Data-driven health care: Will doctors buy in?

Despite $17 billion in incentives for adopting electronic health records, many physicians remain unconvinced that better care will be the payoff

Dr. Larry Garber has been preparing for Washington’s $17 billion booster shot for the adoption of electronic health records for months, if not years. Now that the money is about to pour forth, his practice in western Massachusetts expects to be one of the first in line to apply for a portion of the stimulus law funding.

The big question is whether his colleagues across the country will follow his lead. Although technology and innovation have transformed medicine and pharmacology in the past 20 years, doctors remain late adopters of tools such as e-mail and digital records. Many are not convinced that data collection always leads to better care or that the federal government can help them do their jobs better by requiring collection and analysis of their patient data.

For Garber, who is medical director for informatics at the Fallon Clinic of Worcester, Mass., meeting the administration’s just-released requirements for meaningful use of electronic health records should be a snap because the 250-doctor practice he helps manage has been using EHR systems for several years. “We are on top of this,” Garber said. “We are very close to becoming meaningful users in 2011.”

The Health and Human Services Department’s goals in fostering EHRs are to reduce costs and improve efficiency and quality of care. The quality goals contained in the new regulations are the most ambitious element because they set the stage for creation of an unprecedented new infrastructure to collect clinical data from doctors, rate doctors’ quality of care and provide feedback to spur improvements.

The future of that strategy now lies in physicians’ hands. Doctors must decide whether they want to adopt health information technology systems and become meaningful users according to HHS’ rules, which is a condition for accepting money from the stimulus pot. As part of HHS' requirements, doctors must begin sharing some of their clinical data by 2011 for the purpose of improving overall quality. That's a tall order for doctors who have not done the early groundwork that Garber has done at the Fallon Clinic.

Physicians are making those buying decisions now. They are weighing the cost of purchasing the systems and judging the ease of installation and use. Quality is a potential benefit, to be sure, but the regulations bring new administrative requirements and — many physicians fear — a possible loss of autonomy as caregivers.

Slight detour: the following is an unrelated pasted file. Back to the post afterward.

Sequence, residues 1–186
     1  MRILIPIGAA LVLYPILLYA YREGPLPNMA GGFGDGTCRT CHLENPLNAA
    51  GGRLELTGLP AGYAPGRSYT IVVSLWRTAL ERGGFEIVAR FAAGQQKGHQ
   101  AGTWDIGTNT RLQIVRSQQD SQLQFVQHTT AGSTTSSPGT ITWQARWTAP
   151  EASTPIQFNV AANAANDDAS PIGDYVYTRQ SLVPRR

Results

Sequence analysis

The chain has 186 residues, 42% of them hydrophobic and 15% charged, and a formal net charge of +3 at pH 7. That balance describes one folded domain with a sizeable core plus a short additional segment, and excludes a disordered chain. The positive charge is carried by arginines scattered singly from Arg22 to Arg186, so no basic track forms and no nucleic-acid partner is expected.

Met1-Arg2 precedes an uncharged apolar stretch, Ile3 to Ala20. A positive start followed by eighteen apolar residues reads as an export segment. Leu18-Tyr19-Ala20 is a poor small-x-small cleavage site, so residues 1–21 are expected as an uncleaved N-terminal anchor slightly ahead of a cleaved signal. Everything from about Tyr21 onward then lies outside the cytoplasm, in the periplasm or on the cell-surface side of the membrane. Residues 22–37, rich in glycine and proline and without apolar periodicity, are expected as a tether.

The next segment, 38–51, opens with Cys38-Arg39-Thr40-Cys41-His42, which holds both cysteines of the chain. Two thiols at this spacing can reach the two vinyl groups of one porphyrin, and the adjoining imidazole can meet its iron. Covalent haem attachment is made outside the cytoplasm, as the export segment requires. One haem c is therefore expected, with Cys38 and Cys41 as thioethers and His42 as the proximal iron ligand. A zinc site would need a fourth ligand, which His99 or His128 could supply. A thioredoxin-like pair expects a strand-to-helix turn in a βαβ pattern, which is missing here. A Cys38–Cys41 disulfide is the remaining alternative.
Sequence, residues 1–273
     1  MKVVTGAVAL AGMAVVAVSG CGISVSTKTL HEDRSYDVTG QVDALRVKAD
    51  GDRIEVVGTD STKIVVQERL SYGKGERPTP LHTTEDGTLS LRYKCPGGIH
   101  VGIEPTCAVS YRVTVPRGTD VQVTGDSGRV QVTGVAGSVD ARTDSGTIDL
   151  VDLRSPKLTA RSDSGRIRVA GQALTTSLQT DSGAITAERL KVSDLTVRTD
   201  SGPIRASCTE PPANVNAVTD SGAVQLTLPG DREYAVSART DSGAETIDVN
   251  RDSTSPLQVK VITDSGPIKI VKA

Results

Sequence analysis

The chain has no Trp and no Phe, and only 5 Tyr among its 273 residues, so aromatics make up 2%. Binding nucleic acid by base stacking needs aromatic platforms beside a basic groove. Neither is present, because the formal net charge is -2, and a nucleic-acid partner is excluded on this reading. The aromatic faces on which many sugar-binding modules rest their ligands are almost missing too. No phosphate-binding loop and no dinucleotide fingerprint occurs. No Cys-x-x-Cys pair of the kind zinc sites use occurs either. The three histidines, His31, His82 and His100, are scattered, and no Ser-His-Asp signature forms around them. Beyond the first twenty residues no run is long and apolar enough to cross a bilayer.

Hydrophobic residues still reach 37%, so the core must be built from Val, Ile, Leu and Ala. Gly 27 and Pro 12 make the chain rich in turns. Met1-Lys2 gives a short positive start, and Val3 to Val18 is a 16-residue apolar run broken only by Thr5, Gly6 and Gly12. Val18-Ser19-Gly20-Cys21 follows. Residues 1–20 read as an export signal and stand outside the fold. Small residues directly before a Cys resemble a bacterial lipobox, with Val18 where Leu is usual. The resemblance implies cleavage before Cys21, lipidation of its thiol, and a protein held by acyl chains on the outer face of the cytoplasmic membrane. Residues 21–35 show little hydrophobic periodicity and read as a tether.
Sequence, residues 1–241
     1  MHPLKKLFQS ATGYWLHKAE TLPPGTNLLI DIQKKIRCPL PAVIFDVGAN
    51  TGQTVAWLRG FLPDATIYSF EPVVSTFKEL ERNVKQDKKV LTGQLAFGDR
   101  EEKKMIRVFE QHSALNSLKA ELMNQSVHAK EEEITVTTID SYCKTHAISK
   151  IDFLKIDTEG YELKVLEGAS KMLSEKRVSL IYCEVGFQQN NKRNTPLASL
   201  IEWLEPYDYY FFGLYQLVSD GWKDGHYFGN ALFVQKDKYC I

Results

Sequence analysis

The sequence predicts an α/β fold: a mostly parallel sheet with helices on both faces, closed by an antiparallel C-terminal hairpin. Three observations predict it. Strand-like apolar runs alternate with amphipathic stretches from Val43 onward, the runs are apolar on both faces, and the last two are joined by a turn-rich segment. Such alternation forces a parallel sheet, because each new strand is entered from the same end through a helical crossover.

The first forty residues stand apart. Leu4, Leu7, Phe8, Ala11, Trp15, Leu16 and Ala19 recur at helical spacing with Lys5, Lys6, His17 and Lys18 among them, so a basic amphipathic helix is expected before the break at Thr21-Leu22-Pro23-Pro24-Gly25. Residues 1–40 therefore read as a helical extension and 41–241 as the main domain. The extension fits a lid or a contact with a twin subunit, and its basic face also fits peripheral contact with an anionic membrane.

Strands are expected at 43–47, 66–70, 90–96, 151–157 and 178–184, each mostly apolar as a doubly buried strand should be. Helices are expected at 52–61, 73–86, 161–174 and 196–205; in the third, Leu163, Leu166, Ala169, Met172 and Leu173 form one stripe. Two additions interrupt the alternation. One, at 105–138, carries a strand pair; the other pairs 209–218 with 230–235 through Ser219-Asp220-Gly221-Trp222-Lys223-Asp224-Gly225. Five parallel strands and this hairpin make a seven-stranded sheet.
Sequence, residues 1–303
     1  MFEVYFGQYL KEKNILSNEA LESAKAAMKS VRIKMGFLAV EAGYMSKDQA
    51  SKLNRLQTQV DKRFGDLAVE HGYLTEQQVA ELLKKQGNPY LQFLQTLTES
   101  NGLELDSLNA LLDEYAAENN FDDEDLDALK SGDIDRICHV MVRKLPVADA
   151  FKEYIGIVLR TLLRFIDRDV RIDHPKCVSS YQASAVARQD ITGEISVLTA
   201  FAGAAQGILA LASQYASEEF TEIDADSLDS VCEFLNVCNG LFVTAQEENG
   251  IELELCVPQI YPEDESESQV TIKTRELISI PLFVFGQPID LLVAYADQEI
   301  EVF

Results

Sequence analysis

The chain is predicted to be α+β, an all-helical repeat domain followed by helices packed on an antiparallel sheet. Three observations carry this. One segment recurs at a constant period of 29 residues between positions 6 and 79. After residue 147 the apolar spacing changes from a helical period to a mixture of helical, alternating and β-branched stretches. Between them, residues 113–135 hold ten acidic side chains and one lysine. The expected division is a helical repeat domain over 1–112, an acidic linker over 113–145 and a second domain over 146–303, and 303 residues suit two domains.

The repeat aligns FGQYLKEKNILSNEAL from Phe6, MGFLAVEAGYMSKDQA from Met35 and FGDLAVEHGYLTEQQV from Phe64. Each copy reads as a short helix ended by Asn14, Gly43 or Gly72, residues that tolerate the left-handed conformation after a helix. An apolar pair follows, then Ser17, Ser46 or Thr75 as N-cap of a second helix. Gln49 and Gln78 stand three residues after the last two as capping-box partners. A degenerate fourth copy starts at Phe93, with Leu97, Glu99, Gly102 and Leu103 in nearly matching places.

“Physicians want to satisfy the ethos of their profession,” said Dr. Stephen Sergay, a neurologist in Tampa, Fla. “Influencing people to provide quality through regulation does not necessarily bring out the best in people.”

Congress Sweetens the Pill

The federal government has been pushing doctors and hospitals to adopt EHRs since at least 2004, but it was not until Congress passed the economic stimulus law a year ago that incentive payments sweetened the deal. HHS is ready to inject at least $17 billion into the health care system to reward doctors and hospitals that buy and use the systems. It might be the impetus the medical profession needs to push it into the Digital Age.

But did the Obama administration go too far too fast when it linked health IT adoption with a large new system of data collection and exchange to help meet health care quality goals? It is too soon to say, but the early reaction from doctors is ambivalence.

Family doctors are considering many factors, said Dr. David Kibbe, senior adviser to the American Academy of Family Physicians. “For physicians with busy practices, this is not on their radar,” he added. “This new system is very confusing. The busy family physicians will look at this with real concern and with real caution.”

Much of the attention in Washington has been focused on the potential cost savings that EHRs could bring to an exceedingly inflation-challenged industry. Quality of care has received less attention.

There is evidence that digital records can reduce medical errors, especially in drug interactions, and that the availability of electronic data could lead to improved quality. The idea is to collect and analyze patient data to identify the best treatments based on outcomes and deliver that information to doctors when and where they need it most, especially the examining room. That is possible only with electronic systems.

“Simply put, health professionals will be able to give better care,” said Dr. David Blumenthal, HHS’ national coordinator for health IT, at a recent conference about linking stimulus dollars to higher-quality care.